Fight the bite

As the weather gets nicer, it’s time to shake off the winter blues and get outside. Hiking, backyard BBQs and visiting neighbourhood parks are just a few of the activities I will enjoy with my family throughout the spring, summer and into the fall. Unfortunately, this is also the time of year that ticks and mosquitoes are out looking for their next meal – your blood. This is why it’s important to learn how to protect yourself and your family against mosquito and tick-borne illnesses.

West Nile virus (WNV) is one of many diseases that can be transmitted to people through the bite of an infected mosquito. mosquito that may carry WNV WNV became a reportable disease in Ontario in 2002 and since that time there have been over 1,100 cases reported in the province. Since the majority of people have no symptoms, or mild flu-like systems, this number likely represents the most severe cases. For less than 1% of those infected, the virus can cause severe symptoms such as inflammation of the brain or spinal cord, which can sometimes be fatal. People who are over age 50 are at higher risk for serious health effects, but WNV can cause complications for people of any age or health status. If you have concerns about your health, speak with your healthcare provider.

Lyme disease is transmitted to humans through the bite of an infected blacklegged tick.

Tick ID card

A tick must be attached and actively feeding for at least 24 hours to transmit the bacteria that causes the disease. Ticks are usually found in wooded or brushy areas and do not fly, jump or move very quickly. After spending time outdoors, it’s a good idea to perform full-body tick checks on yourself, children and pets. Typical symptoms of Lyme disease include fever, headache and fatigue. Some people will get a bull’s-eye rash at the site of the tick bite. Symptoms may not appear for weeks after a bite. If you have been bitten by a tick and are concerned, contact your healthcare provider. If possible, keep the tick so it can be submitted to Public Health for identification.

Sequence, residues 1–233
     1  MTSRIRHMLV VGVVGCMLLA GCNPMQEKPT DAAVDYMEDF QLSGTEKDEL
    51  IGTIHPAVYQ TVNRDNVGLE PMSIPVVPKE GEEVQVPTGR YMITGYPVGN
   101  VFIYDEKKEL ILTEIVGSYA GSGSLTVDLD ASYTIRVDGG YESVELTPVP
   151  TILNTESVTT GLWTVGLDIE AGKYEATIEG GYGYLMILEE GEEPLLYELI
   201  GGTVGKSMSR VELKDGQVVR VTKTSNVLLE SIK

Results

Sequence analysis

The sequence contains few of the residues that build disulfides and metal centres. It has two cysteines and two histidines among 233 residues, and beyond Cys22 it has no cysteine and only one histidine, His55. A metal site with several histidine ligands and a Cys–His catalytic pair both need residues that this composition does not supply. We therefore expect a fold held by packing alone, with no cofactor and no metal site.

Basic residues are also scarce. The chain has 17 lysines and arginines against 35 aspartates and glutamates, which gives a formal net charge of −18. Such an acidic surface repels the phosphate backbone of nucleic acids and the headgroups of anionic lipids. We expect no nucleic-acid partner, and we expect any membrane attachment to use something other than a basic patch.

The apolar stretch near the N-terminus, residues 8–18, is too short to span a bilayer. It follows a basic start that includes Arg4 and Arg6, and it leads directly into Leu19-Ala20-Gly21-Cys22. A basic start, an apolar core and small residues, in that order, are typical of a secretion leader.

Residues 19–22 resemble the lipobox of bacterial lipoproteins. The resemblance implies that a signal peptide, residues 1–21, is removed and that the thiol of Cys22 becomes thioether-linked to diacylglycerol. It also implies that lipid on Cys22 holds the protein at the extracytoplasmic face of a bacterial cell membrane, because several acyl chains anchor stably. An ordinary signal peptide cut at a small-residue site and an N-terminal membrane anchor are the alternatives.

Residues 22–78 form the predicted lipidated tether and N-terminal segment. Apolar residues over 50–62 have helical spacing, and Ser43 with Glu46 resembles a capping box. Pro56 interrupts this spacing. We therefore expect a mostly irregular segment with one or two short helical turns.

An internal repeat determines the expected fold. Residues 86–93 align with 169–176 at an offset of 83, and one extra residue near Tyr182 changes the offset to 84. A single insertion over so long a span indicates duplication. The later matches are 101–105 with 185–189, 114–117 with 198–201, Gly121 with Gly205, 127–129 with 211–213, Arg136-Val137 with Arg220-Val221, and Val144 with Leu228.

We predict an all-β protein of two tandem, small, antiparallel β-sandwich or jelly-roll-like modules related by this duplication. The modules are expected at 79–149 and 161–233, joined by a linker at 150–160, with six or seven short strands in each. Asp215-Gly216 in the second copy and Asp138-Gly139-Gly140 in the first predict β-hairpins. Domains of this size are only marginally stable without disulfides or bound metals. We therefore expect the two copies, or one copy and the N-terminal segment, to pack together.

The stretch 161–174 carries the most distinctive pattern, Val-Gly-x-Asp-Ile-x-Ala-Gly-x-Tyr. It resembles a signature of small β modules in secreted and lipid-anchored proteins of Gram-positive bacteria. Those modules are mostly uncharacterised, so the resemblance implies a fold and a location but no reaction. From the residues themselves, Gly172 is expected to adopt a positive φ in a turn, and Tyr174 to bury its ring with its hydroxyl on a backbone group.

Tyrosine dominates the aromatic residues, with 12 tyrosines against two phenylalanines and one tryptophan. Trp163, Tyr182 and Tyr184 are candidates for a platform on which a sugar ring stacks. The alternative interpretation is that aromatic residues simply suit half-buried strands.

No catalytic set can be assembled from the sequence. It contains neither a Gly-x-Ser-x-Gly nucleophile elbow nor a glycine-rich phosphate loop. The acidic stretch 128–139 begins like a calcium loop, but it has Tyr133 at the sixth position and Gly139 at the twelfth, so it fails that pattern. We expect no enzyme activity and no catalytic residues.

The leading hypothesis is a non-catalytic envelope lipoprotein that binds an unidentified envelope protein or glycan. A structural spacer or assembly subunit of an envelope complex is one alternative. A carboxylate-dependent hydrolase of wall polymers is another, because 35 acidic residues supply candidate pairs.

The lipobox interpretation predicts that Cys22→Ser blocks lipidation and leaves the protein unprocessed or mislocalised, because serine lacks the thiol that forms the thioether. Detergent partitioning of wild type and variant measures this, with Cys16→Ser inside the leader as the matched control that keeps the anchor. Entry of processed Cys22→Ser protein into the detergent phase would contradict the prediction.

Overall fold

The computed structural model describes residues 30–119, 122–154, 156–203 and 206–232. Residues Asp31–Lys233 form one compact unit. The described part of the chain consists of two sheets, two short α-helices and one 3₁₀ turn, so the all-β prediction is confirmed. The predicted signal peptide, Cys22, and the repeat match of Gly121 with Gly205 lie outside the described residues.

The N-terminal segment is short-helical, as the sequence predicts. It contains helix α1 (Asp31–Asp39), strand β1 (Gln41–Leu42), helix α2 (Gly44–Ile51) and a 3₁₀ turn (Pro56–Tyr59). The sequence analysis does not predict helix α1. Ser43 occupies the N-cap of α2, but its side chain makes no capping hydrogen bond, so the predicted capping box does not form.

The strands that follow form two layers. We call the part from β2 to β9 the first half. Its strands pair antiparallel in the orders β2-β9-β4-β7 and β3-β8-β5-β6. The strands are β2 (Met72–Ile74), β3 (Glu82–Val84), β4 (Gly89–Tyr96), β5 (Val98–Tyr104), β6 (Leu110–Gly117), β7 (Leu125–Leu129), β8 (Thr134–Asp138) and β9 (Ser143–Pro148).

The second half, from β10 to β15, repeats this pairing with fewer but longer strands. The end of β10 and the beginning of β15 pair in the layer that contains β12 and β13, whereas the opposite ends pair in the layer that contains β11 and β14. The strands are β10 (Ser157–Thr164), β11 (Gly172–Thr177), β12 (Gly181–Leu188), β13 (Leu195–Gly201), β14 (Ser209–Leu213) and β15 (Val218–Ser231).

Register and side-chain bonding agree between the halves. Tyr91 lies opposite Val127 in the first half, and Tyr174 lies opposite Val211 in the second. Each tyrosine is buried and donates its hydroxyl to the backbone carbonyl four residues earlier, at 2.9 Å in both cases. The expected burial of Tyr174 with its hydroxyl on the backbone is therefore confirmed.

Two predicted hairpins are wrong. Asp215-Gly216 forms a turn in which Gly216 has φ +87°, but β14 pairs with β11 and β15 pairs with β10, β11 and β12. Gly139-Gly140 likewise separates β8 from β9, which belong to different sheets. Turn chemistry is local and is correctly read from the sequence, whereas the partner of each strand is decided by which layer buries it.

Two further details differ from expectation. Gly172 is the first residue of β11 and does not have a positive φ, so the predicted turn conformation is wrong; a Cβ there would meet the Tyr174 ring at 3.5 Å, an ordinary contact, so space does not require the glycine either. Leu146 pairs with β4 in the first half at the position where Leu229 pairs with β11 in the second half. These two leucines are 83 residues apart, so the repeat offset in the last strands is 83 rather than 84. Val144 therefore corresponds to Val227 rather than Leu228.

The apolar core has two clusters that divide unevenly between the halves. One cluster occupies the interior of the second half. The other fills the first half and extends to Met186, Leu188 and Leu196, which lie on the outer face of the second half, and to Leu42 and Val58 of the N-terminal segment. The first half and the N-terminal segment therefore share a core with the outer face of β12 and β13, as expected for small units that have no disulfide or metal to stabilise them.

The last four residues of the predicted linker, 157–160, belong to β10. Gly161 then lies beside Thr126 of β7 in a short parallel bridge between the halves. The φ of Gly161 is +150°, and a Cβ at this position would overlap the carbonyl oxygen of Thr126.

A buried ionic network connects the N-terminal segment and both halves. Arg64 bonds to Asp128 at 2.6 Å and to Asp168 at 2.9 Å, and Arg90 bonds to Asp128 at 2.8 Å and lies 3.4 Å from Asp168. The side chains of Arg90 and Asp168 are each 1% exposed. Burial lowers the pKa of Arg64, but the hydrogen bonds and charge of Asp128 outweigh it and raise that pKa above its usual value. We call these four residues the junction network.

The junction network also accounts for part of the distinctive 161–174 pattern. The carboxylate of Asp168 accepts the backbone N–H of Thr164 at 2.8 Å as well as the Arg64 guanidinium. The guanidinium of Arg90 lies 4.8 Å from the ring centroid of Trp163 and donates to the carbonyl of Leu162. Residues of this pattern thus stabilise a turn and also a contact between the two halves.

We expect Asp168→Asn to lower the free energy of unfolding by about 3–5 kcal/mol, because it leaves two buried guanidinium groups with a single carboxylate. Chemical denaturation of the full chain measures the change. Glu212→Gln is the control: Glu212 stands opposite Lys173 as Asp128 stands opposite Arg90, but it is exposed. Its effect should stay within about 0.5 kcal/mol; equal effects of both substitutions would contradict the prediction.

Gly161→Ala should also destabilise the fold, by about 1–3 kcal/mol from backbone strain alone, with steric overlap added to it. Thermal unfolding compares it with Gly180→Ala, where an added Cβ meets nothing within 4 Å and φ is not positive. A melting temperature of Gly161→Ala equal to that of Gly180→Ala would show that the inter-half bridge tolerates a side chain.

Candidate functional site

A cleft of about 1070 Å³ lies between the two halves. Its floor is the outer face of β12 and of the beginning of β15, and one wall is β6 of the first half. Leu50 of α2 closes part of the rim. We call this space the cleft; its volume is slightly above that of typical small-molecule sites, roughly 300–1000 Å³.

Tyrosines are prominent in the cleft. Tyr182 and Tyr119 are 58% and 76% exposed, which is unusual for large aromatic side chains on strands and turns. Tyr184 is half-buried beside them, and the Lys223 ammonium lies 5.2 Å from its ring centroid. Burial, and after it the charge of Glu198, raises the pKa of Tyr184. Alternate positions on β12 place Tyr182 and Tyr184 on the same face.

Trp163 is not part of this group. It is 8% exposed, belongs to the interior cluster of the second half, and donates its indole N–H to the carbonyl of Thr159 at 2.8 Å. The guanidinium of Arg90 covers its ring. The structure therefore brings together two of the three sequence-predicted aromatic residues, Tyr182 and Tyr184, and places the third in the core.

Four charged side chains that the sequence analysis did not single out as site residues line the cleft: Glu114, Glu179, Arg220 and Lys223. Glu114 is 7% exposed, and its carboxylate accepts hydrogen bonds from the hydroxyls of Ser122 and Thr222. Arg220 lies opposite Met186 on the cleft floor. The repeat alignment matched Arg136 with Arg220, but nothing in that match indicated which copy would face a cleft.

Preventing mosquito and tick bites:
  • Cover up by wearing light-coloured, long-sleeved shirts and pants
  • Use a Health Canada approved mosquito repellent, such as one that contains DEET or Icaridin
To decrease the number of mosquitoes on your property, eliminate standing water where mosquitoes lay their eggs:
  • Empty standing water from wheelbarrows, flowerpots, old tires and anywhere else water collects
  • Frequently change water in pet dishes and bird baths
  • If you have a pond, stock your pond with fish as they will eat mosquito larvae
  • Ensure ponds have good circulation
  • Keep eavestroughs clean and free of obstructions
  • Keep window and door screens in good repair to help prevent mosquitoes from getting inside

If you have a catch basin on your property and would like to have it treated, please complete and submit the waiver form, or call 1-800-265-7293 ext. 4753.

Sarah Croteau
Health Promotion Specialist